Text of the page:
You Write like You Eat: Stylistic Variation as a Predictor of Social Stratification
Proceedings of the 57th Annual Meeting of the Association for Computational Linguistics
Inspired by Labov’s seminal work on stylisticvariation as a function of social stratification,we develop and compare neural models thatpredict a person’s presumed socio-economicstatus, obtained through distant supervision,from their writing style on social media. Thefocus of our work is on identifying the mostimportant stylistic parameters to predict socio-economic group. In particular, we show theeffectiveness of morpho-syntactic features aspredictors of style, in contrast to lexical fea-tures, which are good predictors of topic
SymantoResearch at SemEval-2019 Task 3: Combined Neural Models for Emotion Classification in Human-Chatbot Conversations
Mara Chinea Rios
Proceedings of the 13th International Workshop on Semantic Evaluation
In this paper, we present our participation to the EmoContext shared task on detecting emotions in English textual conversations between a human and a chatbot. We propose four neural systems and combine them to further improve the results. We show that our neural ensemble systems can successfully distinguish three emotions (SAD, HAPPY, and ANGRY) and separate them from the rest (OTHERS) in a highly-imbalanced scenario. Our best system achieved a 0.77 F1-score and was ranked fourth out of 165 submissions.
TAJJEB at SemEval-2018 Task 2: Traditional Approaches Just Do the Job with Emoji Prediction
Kenny W. Lino
Proceedings of The 12th International Workshop on Semantic Evaluation
Emojis are widely used on social media andunderstanding their meaning is important forboth practical purposes (e.g. opinion mining,sentiment detection) and theoretical purposes(e.g. how different L1 speakers use them, dothey have some syntax?); this paper presents aset of experiments that aim to predict a singleemoji from a tweet. We built different mod-els and we found that the test results are verydifferent from the validation results.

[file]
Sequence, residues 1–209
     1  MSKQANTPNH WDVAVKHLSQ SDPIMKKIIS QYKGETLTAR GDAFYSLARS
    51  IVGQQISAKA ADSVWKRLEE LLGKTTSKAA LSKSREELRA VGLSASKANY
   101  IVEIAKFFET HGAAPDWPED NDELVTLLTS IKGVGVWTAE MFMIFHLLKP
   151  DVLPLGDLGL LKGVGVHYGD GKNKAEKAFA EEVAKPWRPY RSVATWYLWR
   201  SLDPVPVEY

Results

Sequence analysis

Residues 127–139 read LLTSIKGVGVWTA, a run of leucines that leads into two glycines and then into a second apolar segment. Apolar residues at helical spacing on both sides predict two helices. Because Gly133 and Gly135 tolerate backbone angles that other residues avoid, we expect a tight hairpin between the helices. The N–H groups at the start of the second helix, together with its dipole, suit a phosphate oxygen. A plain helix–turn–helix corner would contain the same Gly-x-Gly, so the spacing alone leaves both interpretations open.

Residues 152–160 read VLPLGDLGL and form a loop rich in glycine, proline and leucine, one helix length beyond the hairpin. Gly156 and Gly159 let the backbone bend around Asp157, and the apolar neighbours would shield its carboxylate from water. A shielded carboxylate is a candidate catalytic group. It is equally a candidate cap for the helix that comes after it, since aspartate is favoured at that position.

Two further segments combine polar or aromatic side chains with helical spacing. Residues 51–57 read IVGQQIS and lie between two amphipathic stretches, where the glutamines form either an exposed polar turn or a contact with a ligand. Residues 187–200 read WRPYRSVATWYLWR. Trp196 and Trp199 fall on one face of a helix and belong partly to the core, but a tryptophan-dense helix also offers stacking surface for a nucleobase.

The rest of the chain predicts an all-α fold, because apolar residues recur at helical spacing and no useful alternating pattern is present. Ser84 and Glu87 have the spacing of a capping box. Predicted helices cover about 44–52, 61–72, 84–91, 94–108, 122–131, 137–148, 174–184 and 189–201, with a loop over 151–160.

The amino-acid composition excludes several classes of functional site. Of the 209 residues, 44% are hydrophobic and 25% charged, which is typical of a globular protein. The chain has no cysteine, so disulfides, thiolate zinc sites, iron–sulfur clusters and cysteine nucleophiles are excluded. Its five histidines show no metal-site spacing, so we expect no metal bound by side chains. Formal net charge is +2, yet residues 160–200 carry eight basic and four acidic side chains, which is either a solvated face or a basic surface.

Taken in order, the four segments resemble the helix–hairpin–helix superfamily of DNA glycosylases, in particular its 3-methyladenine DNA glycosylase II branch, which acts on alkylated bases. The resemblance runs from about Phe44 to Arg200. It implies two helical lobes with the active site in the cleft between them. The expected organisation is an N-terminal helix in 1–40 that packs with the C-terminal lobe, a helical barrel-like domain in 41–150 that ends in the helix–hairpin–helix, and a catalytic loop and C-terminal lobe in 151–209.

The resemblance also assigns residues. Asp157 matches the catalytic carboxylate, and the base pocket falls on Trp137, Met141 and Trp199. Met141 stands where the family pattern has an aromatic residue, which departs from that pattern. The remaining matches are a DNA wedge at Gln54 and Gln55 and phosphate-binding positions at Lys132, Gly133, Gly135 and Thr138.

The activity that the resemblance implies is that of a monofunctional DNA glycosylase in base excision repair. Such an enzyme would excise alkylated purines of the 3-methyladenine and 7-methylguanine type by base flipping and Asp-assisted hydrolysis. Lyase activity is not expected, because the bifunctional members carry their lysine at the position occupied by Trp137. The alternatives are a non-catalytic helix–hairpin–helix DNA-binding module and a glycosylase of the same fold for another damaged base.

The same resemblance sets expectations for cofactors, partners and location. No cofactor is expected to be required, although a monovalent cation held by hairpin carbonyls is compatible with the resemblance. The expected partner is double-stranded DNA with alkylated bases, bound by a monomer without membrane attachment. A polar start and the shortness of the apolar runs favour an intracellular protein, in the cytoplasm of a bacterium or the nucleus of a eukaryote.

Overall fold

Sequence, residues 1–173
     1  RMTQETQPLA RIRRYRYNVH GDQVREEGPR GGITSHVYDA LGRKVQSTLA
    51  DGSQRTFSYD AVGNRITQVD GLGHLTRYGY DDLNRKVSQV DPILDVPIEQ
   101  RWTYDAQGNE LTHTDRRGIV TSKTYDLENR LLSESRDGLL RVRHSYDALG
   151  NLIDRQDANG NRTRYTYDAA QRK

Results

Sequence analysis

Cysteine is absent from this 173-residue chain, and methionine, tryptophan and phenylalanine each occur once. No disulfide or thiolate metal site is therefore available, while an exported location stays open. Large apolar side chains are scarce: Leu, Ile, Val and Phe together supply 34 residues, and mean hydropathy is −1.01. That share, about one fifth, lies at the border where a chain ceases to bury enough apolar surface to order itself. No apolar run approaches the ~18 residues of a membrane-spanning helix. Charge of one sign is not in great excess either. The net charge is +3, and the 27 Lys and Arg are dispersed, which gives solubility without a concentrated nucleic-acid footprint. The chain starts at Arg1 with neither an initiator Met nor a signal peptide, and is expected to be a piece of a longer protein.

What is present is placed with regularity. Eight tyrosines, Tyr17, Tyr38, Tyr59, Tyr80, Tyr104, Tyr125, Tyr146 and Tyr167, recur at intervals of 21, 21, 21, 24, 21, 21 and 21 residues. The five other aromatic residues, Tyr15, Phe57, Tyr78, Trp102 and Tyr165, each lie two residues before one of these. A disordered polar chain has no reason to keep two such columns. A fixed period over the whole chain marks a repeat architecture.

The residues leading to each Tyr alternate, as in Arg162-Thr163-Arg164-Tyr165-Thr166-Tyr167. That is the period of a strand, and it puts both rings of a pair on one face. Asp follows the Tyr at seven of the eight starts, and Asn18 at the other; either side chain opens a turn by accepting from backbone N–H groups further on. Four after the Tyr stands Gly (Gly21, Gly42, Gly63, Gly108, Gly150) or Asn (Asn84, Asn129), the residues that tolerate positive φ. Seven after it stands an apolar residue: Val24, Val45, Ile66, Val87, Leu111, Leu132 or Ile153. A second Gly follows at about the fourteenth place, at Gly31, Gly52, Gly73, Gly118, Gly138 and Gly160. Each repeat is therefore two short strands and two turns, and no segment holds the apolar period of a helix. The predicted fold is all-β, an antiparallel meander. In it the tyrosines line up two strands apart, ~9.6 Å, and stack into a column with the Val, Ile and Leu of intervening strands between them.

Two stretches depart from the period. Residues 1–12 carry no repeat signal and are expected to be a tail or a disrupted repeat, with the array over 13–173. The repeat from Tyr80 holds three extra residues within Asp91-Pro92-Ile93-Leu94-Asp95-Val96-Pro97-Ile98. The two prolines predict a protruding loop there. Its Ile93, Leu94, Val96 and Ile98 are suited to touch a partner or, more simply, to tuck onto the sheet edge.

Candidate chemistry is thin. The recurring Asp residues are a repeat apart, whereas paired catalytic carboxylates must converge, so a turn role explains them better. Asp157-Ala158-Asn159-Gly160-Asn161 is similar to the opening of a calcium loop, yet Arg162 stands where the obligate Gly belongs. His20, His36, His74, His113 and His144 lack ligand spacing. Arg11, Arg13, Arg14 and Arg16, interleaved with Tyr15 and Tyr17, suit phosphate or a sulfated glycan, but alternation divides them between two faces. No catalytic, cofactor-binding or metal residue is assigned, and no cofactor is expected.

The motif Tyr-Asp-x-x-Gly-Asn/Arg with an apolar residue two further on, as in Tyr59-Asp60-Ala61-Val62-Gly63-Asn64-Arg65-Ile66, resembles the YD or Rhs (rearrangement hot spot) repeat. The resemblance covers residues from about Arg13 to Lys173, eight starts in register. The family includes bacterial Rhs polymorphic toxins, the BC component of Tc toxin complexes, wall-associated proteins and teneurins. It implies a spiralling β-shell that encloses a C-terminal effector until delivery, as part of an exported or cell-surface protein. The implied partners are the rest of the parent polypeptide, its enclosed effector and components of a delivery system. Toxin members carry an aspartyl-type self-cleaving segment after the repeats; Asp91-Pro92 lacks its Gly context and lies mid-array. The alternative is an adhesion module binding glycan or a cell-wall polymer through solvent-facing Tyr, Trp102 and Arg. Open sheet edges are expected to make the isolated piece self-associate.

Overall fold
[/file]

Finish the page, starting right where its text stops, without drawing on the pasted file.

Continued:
D(H)ante: A New Set of Tools for XIII Century Italian
Proceedings of the Tenth International Conference on Language Resources and Evaluation (LREC'16)
In this paper we describe 1) the process of converting a corpus of Dante Alighieri from a TEI XML format in to a pseudo-CoNLL format; 2) how a pos-tagger trained on modern Italian performs on Dante’s Italian 3) the performances of two different pos-taggers trained on the given corpus. We are making our conversion scripts and models available to the community. The two other models trained on the corpus performs reasonably well. The tool used for the conversion process might turn useful for bridging the gap between traditional digital humanities and modern NLP applications since the TEI original format is not usually suitable for being processed with standard NLP tools. We believe our work will serve both communities: the DH community will be able to tag new documents and the NLP world will have an easier way in converting existing documents to a standardized machine-readable format.